Originally Posted by cdoublejj
I think, this may be relevant but, i'm not entirely sure, http://en.wikipedia.org/wiki/Quantum_tunnelling
My friend was reading on some forums way back in the day and read about something called "burn in" which essential was or was related to quantum tunneling, they used it to get unstable cards stable. they would over clock a video card (a specific model i believe) till it started artifcating somewhat bad then run heavy bench and games non stop for about a year and eventually the artifacts would slowly go away as the pathways in the chip wore down.
The simplest way to describe it is breaking in a new engine when the rings bearings beginning to slightly wear down and seat them selves.
Firstly, I too think that this is false. What happens when you run a card at high temps and voltage is degradation of all the pathways in the chip. That generally means narrowing of some connections and widening of others due to metal migration
. So this results in the destruction of some connections, while new connections might be formed elsewhere (buildup of metals causing widening of a connection until it touches another wire or something). Generally causing the chip to fail. I don't see how it could possibly cause the chip to stop artifacting. Artifacting is caused by incorrect calculations, resulting from individual transistors failing to switch fast enough and/or from the entire instruction failing to clock in time. In time means before the next instruction comes around.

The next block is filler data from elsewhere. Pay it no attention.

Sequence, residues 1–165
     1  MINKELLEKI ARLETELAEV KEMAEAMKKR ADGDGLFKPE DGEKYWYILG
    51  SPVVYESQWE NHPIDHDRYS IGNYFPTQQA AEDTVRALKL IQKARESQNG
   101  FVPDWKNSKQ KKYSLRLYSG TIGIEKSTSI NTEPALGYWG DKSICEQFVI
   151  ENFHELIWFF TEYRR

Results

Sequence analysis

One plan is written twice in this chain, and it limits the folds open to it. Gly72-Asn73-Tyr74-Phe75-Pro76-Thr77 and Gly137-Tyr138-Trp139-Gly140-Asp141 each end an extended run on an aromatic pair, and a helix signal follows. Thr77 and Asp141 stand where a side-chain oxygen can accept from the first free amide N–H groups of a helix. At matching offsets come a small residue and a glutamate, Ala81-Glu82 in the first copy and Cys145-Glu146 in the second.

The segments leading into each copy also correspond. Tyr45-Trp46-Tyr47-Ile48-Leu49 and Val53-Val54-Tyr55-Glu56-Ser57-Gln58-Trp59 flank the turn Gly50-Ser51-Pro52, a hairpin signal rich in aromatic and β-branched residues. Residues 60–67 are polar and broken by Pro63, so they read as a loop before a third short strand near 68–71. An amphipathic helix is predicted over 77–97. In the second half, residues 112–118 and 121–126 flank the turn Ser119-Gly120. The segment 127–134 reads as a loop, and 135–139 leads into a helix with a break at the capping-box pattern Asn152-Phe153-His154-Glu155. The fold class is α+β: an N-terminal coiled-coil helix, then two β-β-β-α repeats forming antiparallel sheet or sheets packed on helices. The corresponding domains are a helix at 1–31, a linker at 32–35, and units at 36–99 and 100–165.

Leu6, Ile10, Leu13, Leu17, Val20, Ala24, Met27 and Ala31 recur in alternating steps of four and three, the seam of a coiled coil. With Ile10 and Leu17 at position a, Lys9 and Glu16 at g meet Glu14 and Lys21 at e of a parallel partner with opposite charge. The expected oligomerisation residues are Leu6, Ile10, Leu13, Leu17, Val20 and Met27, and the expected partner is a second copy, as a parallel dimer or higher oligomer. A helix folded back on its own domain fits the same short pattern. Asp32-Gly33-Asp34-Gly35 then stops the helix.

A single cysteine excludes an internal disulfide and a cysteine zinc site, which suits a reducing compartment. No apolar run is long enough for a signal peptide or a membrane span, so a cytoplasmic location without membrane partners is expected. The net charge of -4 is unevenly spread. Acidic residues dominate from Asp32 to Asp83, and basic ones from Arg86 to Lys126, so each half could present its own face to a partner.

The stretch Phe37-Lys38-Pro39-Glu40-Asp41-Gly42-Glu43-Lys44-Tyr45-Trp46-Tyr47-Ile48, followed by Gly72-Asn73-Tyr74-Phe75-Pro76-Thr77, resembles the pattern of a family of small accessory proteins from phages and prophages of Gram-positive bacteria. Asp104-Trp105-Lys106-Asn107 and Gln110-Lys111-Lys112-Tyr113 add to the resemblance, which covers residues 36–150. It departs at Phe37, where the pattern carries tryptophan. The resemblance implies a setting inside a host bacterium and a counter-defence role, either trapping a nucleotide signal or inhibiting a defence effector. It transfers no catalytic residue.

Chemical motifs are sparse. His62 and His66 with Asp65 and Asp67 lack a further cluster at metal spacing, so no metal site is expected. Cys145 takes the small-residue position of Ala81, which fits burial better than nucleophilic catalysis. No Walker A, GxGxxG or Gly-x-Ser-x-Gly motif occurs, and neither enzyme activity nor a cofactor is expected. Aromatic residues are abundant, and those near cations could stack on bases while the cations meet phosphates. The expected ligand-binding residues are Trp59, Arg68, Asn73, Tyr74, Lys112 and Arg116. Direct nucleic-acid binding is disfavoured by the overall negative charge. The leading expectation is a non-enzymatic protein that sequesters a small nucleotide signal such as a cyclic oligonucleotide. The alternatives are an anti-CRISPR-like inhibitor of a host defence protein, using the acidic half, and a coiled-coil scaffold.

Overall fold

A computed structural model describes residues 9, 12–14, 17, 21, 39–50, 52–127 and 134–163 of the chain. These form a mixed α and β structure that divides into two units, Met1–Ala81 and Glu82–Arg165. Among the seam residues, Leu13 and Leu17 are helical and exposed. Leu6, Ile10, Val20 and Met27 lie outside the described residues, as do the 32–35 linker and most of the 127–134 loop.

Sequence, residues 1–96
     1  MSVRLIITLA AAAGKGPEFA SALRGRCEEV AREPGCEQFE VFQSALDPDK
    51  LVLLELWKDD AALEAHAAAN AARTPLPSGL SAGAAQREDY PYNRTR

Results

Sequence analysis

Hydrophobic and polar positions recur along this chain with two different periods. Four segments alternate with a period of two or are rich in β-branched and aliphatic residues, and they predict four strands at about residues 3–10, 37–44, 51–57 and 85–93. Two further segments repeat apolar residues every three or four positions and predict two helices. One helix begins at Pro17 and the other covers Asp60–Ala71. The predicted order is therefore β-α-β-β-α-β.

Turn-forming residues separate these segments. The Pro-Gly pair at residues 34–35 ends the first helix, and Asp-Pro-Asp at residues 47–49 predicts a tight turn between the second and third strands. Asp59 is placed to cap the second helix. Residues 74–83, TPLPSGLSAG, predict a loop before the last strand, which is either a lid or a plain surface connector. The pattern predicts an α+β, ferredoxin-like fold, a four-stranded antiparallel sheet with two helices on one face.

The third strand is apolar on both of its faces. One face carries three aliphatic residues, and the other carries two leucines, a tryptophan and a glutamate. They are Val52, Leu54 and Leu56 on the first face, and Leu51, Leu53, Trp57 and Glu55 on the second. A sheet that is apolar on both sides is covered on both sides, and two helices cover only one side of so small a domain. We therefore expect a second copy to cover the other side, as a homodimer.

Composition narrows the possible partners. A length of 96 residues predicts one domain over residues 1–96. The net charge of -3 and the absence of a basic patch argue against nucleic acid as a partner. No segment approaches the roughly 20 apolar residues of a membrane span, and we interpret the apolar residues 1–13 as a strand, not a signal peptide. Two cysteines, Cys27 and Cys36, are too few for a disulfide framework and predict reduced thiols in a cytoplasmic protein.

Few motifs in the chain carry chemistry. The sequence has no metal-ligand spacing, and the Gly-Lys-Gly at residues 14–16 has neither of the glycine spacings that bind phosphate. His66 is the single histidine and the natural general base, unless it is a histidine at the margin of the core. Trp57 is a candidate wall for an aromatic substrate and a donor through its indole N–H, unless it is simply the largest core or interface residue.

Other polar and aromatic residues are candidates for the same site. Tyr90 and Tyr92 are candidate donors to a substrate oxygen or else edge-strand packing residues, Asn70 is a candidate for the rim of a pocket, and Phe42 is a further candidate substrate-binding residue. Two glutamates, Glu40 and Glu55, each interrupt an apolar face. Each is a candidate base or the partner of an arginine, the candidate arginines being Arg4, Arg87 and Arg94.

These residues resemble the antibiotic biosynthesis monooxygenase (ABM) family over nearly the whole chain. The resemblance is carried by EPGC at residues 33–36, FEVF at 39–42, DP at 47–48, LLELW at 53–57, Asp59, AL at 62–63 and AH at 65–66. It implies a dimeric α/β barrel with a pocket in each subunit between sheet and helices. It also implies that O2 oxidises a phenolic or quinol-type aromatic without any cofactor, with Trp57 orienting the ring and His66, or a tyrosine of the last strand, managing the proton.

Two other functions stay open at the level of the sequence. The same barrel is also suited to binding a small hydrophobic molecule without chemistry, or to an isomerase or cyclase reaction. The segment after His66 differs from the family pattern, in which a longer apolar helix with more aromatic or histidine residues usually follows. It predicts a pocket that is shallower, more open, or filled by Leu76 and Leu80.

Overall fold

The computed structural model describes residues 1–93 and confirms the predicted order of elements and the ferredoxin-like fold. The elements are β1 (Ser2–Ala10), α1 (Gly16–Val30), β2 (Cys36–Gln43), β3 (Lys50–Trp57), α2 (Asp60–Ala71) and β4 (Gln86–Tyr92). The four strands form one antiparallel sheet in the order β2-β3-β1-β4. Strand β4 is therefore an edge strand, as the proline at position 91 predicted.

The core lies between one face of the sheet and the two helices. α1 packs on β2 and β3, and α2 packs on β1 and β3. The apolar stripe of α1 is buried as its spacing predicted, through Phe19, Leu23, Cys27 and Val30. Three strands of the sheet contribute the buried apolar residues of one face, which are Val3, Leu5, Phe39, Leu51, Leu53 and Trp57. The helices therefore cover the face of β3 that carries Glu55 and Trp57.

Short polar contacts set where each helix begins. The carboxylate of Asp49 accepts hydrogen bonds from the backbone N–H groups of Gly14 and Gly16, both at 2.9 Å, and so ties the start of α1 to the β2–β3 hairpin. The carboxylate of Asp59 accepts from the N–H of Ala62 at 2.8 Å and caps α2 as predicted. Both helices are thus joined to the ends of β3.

Now regarding leakage and overclocking. Leakage is current that leaks through a transistor that is not currently switching. Transistors "should" only use current while they are switching. Leakage can also be current that escapes from the transistor through the substrate to the ground or power connection. The primary effect of leakage is to increase power consumption and heat. So that is the only effect on overclocking, as far as I know. However, leakage will get worse as voltage increases. As far as the limits of overclocking, I'm not sure that leakage current has much to do with that.
Suppose you have a chip with high leakage. If the chip was binned into a product with a lower stock clock, despite being stable (but hot) at a higher frequency, then you'll have a chip with better max overclock potential, even if it gets quite hot. So I could see where people could get the idea that leakage will result in better overclocking margins. That's really just with respect to the stock clock though. Leakage will not effect the maximum overclock of a chip (disregarding heat), as far as I'm aware.
This is just my understanding of things. Would be happy for correction.